Germany used to have over 3000 breweries; the number has been
declining for decades but not the consumption. Big breweries buy the small, regional establishments and gain market share, reduce production- and distribution costs, and increase their profits at the same time.
Bavarians are big consumers (over 500 litres per capita). The average German per capita consumption is a little less than 145 litres.
Paulaner, Hacker-Pschorr, Lowenbrau, Hofbrauhaus, Echt Schenkerla (smoked beer), Schneider (wheat beer), Kostritzer (dark beer) are fine Bavarian brews available in Ontario and in many other jurisdictions.
Britain, the home of ales, brews a multitude of beers including some lagers. Although ales predominate, lagers are gaining market share particualryl with young drinkers who are 20 – 30 years of age. The classic Englkish ale is relatively low in alcohol (less than 5 per cent ABV), slightly bitter, and very refreshing. Black Sheep from North Yorkshire, Fiddler’s Elbow, Hogoblin, New castle brown, St. Peter’s English Ale, Tetley’s English Ale, John Smith’s Pub Draught, and Baddington’s Pub Ale are fine brews. Mc Ewan’s from Scotland has been pleasing Scots for decades.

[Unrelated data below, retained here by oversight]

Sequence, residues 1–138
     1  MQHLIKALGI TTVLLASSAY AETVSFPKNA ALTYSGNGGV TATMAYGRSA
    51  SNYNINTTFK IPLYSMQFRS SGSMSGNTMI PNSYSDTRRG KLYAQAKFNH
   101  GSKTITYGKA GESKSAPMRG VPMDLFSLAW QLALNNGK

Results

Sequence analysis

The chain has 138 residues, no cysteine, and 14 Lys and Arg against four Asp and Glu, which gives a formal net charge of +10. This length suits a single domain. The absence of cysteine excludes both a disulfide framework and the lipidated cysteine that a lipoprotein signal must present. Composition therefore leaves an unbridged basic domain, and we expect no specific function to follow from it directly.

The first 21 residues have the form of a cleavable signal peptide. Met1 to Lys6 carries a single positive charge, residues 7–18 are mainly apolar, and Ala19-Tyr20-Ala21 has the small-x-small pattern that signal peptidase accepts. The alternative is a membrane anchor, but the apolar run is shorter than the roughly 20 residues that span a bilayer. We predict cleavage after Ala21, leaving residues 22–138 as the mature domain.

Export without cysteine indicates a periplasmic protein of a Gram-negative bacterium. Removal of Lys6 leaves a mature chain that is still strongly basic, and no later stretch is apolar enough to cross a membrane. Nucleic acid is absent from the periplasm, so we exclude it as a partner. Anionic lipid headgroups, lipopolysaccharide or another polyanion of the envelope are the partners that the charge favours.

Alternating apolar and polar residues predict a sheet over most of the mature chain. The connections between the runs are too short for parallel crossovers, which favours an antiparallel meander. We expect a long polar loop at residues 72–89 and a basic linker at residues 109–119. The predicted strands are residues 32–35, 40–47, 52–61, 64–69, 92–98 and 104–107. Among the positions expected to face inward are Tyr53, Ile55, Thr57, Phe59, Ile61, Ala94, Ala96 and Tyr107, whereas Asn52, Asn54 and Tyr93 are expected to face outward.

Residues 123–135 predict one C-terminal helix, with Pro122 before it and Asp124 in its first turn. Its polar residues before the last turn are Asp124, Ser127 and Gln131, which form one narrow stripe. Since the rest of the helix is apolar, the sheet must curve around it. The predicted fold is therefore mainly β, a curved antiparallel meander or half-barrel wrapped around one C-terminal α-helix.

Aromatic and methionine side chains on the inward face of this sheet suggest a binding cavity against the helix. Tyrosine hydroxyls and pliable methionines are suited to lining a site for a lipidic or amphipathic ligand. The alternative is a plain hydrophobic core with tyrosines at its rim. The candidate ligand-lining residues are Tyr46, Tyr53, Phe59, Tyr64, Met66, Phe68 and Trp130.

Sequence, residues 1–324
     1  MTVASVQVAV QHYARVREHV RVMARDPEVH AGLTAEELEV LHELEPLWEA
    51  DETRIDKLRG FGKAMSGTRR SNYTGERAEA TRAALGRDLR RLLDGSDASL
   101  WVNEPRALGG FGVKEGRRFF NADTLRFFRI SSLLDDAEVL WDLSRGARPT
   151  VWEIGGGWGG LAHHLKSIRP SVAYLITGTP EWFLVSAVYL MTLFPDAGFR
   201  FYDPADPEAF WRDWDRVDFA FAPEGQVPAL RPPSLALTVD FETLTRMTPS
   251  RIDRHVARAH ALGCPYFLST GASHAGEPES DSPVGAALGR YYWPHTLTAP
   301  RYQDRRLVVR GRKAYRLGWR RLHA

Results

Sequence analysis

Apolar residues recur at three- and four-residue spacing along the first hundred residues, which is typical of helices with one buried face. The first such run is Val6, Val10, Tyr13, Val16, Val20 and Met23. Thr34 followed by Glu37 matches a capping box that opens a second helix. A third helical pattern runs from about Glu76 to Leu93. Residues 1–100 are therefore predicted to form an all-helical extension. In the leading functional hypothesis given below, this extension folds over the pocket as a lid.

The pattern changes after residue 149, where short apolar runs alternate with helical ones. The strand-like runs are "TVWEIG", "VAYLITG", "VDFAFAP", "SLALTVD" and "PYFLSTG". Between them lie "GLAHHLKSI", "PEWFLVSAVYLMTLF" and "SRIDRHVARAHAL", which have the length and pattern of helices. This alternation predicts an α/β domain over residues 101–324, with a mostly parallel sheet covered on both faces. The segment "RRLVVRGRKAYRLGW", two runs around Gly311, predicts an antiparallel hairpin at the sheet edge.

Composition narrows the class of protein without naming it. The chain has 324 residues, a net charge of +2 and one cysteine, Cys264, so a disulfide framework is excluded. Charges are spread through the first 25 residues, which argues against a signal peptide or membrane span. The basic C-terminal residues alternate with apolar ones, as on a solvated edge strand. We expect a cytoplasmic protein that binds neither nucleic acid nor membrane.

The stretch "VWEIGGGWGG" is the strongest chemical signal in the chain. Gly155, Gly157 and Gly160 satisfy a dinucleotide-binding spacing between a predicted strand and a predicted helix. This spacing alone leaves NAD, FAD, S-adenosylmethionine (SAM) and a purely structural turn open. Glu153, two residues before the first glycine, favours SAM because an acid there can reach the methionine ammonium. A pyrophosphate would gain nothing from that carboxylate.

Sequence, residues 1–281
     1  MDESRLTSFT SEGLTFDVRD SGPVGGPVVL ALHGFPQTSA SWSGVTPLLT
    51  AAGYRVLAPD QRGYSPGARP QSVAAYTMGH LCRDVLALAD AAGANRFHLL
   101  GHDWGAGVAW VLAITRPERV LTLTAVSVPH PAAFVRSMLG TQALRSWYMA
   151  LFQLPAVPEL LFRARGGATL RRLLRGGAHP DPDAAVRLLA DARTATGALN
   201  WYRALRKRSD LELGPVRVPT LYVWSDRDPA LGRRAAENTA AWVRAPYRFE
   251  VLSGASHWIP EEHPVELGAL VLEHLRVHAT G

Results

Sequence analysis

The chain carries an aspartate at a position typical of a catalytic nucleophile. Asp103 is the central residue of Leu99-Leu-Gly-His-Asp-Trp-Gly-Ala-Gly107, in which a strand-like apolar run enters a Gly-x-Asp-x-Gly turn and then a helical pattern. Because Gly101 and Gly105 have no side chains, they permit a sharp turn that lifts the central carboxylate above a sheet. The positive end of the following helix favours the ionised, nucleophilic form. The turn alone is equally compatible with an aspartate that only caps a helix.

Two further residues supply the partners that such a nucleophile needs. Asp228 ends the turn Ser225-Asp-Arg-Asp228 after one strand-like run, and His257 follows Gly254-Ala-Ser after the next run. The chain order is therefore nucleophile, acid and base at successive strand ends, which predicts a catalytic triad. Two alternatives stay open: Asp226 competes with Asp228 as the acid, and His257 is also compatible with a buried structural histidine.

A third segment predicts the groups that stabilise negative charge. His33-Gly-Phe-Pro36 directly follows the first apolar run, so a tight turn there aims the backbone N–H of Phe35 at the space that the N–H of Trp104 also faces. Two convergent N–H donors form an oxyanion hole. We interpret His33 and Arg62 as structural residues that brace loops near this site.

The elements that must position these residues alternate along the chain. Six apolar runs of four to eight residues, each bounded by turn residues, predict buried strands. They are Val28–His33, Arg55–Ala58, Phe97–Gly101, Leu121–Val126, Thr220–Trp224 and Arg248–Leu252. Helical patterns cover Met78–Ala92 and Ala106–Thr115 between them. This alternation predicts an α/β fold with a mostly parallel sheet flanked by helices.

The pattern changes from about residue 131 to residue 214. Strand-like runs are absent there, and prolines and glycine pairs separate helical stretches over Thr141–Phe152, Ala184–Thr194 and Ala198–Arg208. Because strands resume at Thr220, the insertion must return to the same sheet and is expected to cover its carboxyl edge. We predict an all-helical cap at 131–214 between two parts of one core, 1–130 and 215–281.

The Irish take their beer seriously and drink regularly, occasionally to excess. One thing is clear; their love for ale is remarkable. In this small country, breweries do a roaring business.
Dublin, a city of one million inhabitants is said to have over a thousand pubs. None seems to suffer for lack of business. Here are some Irish beers you can try: Guiness Draught, Harp Lager, Smithwicks Ale, and Caffrey’s Dream.
Japan’s traditional alcoholic beverage is sake, but western style beer enjoys an excellent reputation due to its quality. Japanese water is particularly suitable for beer, and the traditional meticulous approach to producing any beverage is used. Asahi Super Dry, Kirin Ichiban, and Sapporo Draft will undoubtedly please your palate.